This week at the International CES, the giant electronics conference in Las Vegas, Ford Motor announced that owners of its cars would soon be able to use Amazon’s Alexa voice-activated assistant in their vehicles. Drivers will be able to ask for a weather report, stream music from Amazon Music or add appointments to their calendars. They will also be able to use Alexa from home to start or unlock their cars remotely.
But the automaker also envisions drivers using Alexa to help with other tasks — like shopping on Amazon. Stuck in traffic? You can take care of Valentine’s Day by saying, “Alexa, order flowers on Amazon.”
Other companies are moving in the same direction. Apple’s Siri can be used to control iPhone functions in cars, and Apple’s CarPlay software allows drivers to dictate text messages while driving, as well as program destinations into Apple Maps and have the route plotted on the car’s display. Google’s Android Auto can do the same.
In the last year, carmakers like BMW, Mercedes-Benz and General Motors have also introduced improved voice-recognition systems that can understand normal spoken words for many tasks. Older systems required drivers to learn specific commands.
With newer models, owners can program in a destination just by saying the address, as if speaking to another person. In older cars, the state, city and street had to be given separately, one at a time — and if you were lucky, each was correctly understood.
While more advanced systems like Alexa will make it easier for drivers to use voice commands, there are still hurdles. The biggest is just changing habits, and persuading people to try talking to their cars.
On the day before Thanksgiving, Frank Krieber bought a 2016 Dodge Challenger, granite gray, with a 5.7-liter Hemi V-8 engine, and the latest version of the Uconnect infotainment system. A few days later, when he set off on a road trip to Florida from his home in Michigan, he synced his phone to the car, but didn’t bother to use the voice-recognition capabilities to enter destinations or handle other tasks.
“I probably should use it, but it’s just easier to put in an address manually, so I haven’t really played around with it,” said Mr. Krieber, a sales executive for a computer company. “My experience so far has been, when you tell it to do something, it doesn’t do what you want.”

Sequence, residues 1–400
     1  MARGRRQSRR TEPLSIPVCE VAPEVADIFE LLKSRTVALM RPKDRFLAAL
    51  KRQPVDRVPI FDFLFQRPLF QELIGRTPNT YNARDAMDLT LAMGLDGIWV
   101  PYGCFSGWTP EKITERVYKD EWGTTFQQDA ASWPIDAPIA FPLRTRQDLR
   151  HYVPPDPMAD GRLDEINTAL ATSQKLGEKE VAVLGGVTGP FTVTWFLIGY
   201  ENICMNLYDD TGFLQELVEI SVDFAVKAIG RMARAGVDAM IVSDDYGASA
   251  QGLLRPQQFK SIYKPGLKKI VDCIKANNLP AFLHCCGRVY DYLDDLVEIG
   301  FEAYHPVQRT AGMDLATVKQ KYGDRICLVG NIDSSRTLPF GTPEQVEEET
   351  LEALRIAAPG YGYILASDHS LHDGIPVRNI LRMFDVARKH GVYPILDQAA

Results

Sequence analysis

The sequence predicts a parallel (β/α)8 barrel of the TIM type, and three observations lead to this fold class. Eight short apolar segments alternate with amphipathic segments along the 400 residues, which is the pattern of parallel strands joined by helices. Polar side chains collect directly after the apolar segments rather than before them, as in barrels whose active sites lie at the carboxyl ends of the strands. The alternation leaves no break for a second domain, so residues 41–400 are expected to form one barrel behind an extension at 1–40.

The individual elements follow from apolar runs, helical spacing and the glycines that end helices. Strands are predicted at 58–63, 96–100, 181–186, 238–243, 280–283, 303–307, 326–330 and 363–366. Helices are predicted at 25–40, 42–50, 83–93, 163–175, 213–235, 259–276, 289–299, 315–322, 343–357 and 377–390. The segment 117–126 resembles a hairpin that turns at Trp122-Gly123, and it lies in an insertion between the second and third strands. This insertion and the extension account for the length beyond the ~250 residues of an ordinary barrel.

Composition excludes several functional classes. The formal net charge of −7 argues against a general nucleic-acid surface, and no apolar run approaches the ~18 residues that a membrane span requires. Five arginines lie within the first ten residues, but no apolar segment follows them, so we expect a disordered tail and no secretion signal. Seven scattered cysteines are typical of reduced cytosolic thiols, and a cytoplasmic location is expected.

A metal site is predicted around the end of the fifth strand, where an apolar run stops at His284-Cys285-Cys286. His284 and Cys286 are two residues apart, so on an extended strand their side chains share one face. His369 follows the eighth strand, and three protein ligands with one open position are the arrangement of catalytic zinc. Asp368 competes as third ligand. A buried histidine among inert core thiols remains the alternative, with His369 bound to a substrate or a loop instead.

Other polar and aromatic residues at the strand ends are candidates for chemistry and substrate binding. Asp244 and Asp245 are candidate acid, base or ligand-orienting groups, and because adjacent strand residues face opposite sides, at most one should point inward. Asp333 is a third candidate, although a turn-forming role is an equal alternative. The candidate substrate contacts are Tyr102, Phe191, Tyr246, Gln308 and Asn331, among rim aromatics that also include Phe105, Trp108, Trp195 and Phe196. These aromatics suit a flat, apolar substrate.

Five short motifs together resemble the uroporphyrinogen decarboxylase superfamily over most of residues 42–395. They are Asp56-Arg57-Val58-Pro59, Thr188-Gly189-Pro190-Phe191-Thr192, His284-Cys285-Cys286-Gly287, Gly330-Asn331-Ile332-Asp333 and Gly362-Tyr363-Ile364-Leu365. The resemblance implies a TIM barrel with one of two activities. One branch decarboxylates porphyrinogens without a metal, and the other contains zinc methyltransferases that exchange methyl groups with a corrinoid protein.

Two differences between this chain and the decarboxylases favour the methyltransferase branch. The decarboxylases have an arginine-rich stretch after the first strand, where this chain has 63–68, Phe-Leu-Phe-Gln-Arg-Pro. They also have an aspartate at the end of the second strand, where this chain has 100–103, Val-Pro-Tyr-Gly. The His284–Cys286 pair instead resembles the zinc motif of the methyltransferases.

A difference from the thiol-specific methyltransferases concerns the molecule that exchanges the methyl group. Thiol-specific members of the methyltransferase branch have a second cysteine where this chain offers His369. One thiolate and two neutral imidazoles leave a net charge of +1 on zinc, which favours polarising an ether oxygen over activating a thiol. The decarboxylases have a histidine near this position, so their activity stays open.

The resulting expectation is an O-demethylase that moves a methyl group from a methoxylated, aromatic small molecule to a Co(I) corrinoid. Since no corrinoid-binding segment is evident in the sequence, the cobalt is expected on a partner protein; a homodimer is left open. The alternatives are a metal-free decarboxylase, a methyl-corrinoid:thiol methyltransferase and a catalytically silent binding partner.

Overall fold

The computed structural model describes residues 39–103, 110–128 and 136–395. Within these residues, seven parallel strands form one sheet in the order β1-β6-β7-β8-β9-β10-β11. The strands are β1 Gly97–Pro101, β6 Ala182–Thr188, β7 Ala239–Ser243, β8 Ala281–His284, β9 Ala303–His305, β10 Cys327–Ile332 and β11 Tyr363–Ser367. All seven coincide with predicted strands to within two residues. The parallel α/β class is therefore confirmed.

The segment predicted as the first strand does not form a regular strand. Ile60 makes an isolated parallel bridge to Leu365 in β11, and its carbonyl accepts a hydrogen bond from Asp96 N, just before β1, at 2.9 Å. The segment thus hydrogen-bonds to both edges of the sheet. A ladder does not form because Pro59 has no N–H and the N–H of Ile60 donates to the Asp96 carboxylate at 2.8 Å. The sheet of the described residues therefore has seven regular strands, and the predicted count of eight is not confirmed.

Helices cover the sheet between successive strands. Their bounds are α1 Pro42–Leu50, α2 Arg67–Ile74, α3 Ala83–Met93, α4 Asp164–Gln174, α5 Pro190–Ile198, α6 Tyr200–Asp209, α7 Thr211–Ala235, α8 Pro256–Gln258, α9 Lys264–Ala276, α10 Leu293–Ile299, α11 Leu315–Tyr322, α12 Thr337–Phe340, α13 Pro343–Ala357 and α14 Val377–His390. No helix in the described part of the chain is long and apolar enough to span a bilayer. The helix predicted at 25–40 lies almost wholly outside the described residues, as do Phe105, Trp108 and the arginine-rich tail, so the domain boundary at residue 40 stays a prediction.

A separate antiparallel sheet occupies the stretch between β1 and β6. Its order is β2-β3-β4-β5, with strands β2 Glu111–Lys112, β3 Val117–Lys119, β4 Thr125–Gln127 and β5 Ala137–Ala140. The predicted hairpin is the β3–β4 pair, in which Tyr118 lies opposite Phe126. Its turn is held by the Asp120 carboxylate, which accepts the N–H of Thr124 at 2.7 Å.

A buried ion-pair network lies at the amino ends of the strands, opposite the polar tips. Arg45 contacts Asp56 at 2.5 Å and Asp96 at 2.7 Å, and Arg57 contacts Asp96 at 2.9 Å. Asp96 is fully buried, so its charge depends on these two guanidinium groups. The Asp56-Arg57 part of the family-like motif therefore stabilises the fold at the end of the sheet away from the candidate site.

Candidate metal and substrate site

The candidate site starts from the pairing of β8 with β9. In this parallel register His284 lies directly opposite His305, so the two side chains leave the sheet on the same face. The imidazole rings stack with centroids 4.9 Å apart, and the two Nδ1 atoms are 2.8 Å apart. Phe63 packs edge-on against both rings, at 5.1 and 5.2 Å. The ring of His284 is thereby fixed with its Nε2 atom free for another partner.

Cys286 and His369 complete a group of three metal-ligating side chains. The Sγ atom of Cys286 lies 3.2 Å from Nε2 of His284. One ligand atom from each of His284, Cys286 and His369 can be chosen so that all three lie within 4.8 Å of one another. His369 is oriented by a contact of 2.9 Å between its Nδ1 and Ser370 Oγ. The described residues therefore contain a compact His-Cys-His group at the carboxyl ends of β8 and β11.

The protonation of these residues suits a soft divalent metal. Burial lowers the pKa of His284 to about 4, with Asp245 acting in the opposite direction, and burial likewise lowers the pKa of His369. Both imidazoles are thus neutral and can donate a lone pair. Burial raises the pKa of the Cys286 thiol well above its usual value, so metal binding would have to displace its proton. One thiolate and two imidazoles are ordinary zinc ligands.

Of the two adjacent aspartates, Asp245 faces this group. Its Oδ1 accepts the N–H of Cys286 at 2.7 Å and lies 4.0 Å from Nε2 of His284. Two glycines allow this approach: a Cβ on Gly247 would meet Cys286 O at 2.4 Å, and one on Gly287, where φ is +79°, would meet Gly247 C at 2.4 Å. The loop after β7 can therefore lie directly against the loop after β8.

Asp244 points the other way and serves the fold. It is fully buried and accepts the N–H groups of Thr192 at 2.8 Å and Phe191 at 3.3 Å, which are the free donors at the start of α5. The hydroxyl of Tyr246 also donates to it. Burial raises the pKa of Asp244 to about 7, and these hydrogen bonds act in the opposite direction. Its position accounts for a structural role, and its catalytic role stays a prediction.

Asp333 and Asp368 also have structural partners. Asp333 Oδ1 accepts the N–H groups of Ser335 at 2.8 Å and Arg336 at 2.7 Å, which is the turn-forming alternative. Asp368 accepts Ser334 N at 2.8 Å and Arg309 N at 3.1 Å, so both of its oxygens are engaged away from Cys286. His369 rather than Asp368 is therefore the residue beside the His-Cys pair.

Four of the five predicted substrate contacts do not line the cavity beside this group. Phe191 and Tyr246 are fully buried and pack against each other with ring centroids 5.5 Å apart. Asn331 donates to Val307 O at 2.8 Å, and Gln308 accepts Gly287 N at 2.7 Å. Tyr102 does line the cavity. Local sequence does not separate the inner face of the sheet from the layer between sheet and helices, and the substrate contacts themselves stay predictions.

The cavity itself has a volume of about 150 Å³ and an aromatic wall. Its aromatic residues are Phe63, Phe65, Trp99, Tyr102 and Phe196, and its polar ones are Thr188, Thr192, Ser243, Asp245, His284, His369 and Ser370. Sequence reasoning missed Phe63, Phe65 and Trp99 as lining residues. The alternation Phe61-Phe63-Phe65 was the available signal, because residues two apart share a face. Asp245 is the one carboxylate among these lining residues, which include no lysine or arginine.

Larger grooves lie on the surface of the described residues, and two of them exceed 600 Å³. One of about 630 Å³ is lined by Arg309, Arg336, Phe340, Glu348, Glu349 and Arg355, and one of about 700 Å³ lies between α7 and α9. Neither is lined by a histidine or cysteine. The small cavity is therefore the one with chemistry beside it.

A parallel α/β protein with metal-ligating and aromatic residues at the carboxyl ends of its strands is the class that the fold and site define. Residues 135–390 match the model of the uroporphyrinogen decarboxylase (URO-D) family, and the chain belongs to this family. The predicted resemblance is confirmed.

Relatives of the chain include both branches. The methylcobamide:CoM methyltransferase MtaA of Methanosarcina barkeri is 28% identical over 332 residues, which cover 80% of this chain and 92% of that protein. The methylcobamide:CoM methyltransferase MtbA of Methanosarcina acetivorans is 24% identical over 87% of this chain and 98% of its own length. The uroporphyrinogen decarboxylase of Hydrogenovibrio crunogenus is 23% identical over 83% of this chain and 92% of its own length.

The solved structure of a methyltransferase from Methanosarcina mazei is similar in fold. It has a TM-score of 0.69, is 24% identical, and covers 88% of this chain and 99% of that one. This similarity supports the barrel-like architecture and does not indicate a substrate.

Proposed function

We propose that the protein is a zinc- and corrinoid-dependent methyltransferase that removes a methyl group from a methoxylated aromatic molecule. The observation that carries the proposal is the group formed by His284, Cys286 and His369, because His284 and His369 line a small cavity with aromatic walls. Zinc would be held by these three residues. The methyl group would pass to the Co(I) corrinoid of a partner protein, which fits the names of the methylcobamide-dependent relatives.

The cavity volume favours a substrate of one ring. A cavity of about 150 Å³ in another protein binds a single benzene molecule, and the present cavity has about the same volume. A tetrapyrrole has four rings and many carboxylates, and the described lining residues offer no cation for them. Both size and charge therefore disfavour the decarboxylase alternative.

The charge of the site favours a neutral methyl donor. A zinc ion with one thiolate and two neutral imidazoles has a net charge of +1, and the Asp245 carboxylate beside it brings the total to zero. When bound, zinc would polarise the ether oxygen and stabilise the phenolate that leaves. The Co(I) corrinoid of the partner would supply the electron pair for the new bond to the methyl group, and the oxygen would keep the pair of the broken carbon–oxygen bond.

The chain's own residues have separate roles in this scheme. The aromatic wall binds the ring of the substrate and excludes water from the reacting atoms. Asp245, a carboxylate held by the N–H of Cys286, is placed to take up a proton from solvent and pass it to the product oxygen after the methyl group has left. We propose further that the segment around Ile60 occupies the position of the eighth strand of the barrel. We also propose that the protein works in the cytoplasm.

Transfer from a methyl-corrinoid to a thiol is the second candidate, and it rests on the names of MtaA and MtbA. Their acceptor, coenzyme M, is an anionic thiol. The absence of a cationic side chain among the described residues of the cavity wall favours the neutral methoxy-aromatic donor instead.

Older cars used voice-recognition systems that were built into the car and had limited computing power and memory. Now that more and more cars have wireless connections, the voice-recognition processing can be done via the internet in distant computers and servers, what the tech industry calls the cloud.
That is an advantage that Ford sees in using Alexa, said Don Butler, Ford’s executive director for connected vehicle and services. “If you have the voice recognition done outside the car, people will see a much greater ability to interpret normal, everyday speech,” he said.
With Alexa, a user will need to download an Alexa app to a phone and carry the phone in the car, creating the connection with the cloud.
Ford and Amazon have also developed a way to get Alexa to work seamlessly with a Ford car’s own built-in entertainment and navigation systems. Alexa will first be available in a few months in battery-powered and hybrid models like the Focus Electric and Fusion Energi, and later in other Ford models.
“You can ask Alexa where the nearest Starbucks is, and have her program the address into the Ford navigation system for you,” Mr. Butler said.
For Amazon, the collaboration with Ford is another illustration of a broader push by technology giants to push their versions of voice assistants, which are made to perform simple tasks like turning on lights at home, playing music and fetching sports scores from the internet.
Apple was an early entrant into the market with its Siri assistant for iPhones. Google has its Assistant and a new connected speaker featuring the voice technology called Google Home. And Samsung, which has announced plans to buy the audio and automobile technology company Harman International Industries, last year agreed to acquire a voice assistant start-up, Viv Labs.
Many analysts believe Amazon has vaulted to a leadership position in the race with the surprise success of the Echo family of smart speakers. While Amazon does not reveal sales figures for its devices, the company recently said that the Echo speaker and a smaller device called Echo Dot were the best-selling products on Amazon last year.
Amazon has been more aggressive than other tech giants in getting other companies like Ford to integrate Alexa into their products. Dozens of other companies were expected to announce plans at CES to allow people to control their devices using Alexa.
The satellite television provider Dish Network said people who use its Hopper digital video recorders would be able to use Alexa voice commands to change channels and play movies. Lenovo, the computer maker, announced its own Alexa-based speaker, Lenovo Smart Assistant. The maker of Seiki, Westinghouse Electronics and Element Electronics televisions said it would build Alexa into the remote controls for some 4K sets from those brands.
In California, Mr. Smith-Fagan would welcome better voice recognition. “With the new law we have, I’m kind of worried, because everyone’s going to have to find a way to use the phone without touching it with your hands,” he said.